On his first gravestone, since destroyed, was allegedly the memorial: "Honored by his enemies, killed by his German brethren". See.[47]

Honors and awards[]


  1. Kilduff 2012, pp. 19, 174.
  2. Kilduff 2012, pp. 19–20, 174.
  3. Kilduff 2012, pp. 20–21.
  4. Kilduff 2012, p. 20.
  5. 5.0 5.1 5.2 5.3 5.4 5.5 5.6 5.7 Franks et al. 1993, p. 71.
  6. Kilduff 2012, pp. 22, 24.
  7. Kilduff 2012, pp. 24–25.
  8. Kilduff 2012, p. 25.
  9. Kilduff 2012, pp. 26–28.
  10. Kilduff 2012, pp. 30–34.
  11. Kilduff 2012, pp. 35–36.
  12. Kilduff 2012, p. 38.
  13. Kilduff 2012, pp. 39–40.
  14. Kilduff 2012, pp. 40, 45–46.
  15. Kilduff 2012, pp. 46–48.
  16. Kilduff 2012, pp. 48–50.
  17. VanWyngarden 2006, pp. 18–19.
  18. Kilduff 2012, pp. 49–52.
  19. Kilduff 2012, pp. 14–16, 54–55.
  20. Kilduff 2012, p. 55.
  21. Kilduff 2012, pp. 56–57.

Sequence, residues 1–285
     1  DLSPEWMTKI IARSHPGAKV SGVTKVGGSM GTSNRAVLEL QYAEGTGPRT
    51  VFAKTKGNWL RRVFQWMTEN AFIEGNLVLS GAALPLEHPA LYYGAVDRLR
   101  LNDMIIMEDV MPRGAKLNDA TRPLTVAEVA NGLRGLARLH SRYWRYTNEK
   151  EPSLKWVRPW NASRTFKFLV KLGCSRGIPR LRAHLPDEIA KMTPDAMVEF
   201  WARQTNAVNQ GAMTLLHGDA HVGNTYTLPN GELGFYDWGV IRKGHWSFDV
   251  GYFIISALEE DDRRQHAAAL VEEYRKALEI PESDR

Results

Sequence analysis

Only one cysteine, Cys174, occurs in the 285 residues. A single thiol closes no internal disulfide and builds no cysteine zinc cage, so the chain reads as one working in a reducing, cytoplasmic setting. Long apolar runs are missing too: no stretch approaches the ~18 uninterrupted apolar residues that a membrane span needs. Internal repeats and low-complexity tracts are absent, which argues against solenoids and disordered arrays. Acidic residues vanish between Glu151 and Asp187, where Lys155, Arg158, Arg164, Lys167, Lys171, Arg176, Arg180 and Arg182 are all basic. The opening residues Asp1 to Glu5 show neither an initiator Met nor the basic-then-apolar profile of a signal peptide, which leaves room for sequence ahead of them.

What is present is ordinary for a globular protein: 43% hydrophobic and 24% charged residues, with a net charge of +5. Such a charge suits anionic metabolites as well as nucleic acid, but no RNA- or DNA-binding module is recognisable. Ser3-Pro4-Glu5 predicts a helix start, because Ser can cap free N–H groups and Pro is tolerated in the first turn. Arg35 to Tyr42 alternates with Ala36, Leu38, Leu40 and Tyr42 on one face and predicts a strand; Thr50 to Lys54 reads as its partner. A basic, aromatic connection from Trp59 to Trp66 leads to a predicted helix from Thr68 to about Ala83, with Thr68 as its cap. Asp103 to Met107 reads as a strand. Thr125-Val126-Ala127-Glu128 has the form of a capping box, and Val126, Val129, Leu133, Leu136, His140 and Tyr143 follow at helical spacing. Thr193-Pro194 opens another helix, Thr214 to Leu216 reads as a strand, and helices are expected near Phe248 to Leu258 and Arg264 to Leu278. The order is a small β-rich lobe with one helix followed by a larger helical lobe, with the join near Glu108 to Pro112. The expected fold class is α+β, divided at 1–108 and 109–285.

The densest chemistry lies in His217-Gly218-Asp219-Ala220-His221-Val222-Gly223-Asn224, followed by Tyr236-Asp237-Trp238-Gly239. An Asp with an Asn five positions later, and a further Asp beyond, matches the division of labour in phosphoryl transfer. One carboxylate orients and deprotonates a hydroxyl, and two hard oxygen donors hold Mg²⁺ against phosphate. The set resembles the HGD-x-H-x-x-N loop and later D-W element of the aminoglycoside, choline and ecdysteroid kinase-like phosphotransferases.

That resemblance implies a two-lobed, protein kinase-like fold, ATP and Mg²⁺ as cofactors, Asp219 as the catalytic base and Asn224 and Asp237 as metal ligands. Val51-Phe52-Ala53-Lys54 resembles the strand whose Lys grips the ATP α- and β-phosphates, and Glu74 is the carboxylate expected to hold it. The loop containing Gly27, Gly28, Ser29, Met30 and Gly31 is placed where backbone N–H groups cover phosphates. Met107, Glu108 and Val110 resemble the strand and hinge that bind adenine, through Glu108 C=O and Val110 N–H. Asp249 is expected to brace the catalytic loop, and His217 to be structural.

22. Kilduff 2012, pp. 58–60.
  23. Kilduff 2012, p. 61.
  24. Kilduff 2012, pp. 59, 61.
  25. Kilduff 2012, pp. 63–67.
  26. Kilduff 2012, pp. 94–95.
  27. Kilduff, pp. 64–67.
  28. Kilduff 2012, pp. 68–69.
  29. VanWyngarden 2006, p. 77.
  30. Kilduff 2012, p. 69.
  31. Kilduff 2012, pp. 69–70, 72–74.
  32. VanWyngarden 2006, p. 80
  33. Kilduff 2012, p. 73.
  34. Kilduff 2012, pp. 74–75, 77, 79.
  35. Kilduff 2012, p. 80.
  36. Kilduff 2012, p. 82.
  37. Kilduff 2012, pp. 83, 93.
  38. Kilduff 2012, pp. 85–87, 94.
  39. Kilduff pp. 88–90.
  40. Kilduff 2012, p. 89.
  41. Aerodrome listing for Loyd
  42. Kilduff 2012, pp. 139–140.
  43. 43.0 43.1 VanWyngarden 2005, p. 80.
  44. Kilduff 2012, pp. 103–104.
  45. Kilduff 2012, pp. 104–106.
  46. Kilduff 2012, p. 107.


  • Franks, Norman and VanWyngarden, Greg. Fokker D VII Aces of World War 1: Part 1 (Oxford : Osprey Publishing, 2003.) ISBN 1841767298, 9781841767291.
  • Kilduff, Peter. Iron Man: Rudolf Berthold: Germany's Indomitable Fighter Ace of World War I. Grub Street, 2012. ISBN 1908117370, 9781908117373.

External links[]